Dr. Mike Stewart is a radiologist who has been practicing in Montana since 1992. He is the past medical director of Community Medical Center in Diagnostic Imaging and Nuclear Medicine and is currently the medical director of Montana Breast Health. He serves as a trustee of the Headwaters Foundation board because he wants make a difference in the health of underserved people and communities in western Montana.
Carissa Kuhl has served Mineral County in the behavioral health field since 2010 in various roles. Her passion for delivering school-based treatment programs has allowed her to work closely with children and their families. Carissa feels Headwaters Foundation brings hope to uniting the efforts of many community partners to offer wrap around supports that resuscitate concepts of ‘community.’
Rachel Huff-Doria spent four years as the Executive Director of Forward Montana, a statewide organization that builds political power with and for young Montanans. Rachel moved to Big Sky Country from the Appalachian hills, where she worked with a reproductive justice organization in West Virginia, leading community organizing, policy, and advocacy efforts. As a new mom, Rachel is passionate about changing our system so that a healthy start isn’t determined by privilege and chance in western Montana. She was drawn to Headwaters Foundation because of their commitment to trust-based philanthropy and family equity.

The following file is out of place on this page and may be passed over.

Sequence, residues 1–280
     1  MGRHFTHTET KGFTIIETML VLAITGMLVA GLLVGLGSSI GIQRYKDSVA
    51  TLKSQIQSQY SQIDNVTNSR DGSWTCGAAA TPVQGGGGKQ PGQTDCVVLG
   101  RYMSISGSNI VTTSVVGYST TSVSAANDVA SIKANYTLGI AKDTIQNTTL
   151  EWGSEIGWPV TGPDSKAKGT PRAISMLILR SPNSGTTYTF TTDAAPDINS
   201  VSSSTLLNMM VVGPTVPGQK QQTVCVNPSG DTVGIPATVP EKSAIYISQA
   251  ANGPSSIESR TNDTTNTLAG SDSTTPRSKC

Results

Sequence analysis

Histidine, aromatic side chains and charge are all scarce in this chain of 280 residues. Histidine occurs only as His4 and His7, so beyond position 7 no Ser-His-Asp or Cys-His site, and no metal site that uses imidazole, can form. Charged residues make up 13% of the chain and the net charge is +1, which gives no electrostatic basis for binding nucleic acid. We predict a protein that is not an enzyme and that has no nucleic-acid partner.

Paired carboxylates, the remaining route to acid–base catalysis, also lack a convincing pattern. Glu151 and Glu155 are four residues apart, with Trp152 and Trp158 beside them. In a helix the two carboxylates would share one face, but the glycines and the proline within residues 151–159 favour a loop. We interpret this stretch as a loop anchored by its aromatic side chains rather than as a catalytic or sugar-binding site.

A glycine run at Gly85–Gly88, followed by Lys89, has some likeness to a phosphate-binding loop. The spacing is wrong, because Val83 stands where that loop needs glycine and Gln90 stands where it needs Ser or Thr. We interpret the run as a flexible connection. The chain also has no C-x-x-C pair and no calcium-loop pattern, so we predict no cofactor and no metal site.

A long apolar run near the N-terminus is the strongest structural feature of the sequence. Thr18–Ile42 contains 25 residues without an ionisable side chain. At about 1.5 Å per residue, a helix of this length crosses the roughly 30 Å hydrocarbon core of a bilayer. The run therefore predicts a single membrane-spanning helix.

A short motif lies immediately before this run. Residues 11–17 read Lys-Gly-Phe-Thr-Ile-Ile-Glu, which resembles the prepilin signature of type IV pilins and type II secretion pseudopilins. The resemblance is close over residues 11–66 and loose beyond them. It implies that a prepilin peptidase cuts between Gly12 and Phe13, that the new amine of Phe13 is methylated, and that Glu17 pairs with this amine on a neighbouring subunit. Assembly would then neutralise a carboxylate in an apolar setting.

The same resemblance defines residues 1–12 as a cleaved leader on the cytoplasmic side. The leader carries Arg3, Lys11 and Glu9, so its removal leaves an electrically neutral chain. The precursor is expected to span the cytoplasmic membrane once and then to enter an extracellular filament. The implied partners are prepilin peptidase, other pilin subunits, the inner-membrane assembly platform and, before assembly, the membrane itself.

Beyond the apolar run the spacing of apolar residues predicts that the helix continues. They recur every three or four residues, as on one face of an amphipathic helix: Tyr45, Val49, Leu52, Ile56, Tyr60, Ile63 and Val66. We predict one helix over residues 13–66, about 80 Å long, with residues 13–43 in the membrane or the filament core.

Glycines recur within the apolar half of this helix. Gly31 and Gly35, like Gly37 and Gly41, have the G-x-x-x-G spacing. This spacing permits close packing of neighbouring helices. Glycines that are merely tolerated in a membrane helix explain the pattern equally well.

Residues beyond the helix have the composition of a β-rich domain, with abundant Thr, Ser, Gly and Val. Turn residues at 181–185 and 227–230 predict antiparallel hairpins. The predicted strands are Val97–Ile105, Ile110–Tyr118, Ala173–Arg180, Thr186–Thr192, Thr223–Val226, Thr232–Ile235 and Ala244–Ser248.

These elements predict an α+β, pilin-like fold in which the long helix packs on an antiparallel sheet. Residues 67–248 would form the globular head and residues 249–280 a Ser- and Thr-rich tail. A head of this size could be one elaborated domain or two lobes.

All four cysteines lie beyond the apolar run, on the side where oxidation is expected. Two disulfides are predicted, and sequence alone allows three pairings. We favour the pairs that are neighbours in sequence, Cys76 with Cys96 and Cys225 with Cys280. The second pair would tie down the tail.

Jennifer was born and raised in Northern Montana on the Blackfeet Reservation and is an enrolled member of the Blackfeet Tribe. Prior to working in the healthcare field, she was in banking for over 8 years and worked primarily in lending and financial analysis. As Clinic Manager at Partnership Health in Missoula, and with almost a decade of healthcare experience, she is dedicated to ensuring access and delivering healthcare services to the underserved and underrepresented. Jennifer joined the Headwaters Board because she is passionate about making an impact in communities lacking access to care and ensuring that the voices and perspectives of American Indians are elevated within conversations about health and equity.
Richard Opper spent 4 years as Director of the Montana Department of Health and Human Services. There he came to understand some of the many factors affecting the health of Montanans, particularly its most vulnerable populations. He is delighted to serve on the Board of Trustees because of its commitment to helping children lead the full and healthy lives to which all Montanans should be entitled.
Robert J. Phillips
Born and raised in Montana, Robert J. Phillips has been practicing law since 1978 in the areas of insurance defense of all kinds, including coverage opinions, coverage litigation and bad faith defense. Bob is excited about the work of the Headwaters Foundation because of his longtime commitment to a healthy western Montana.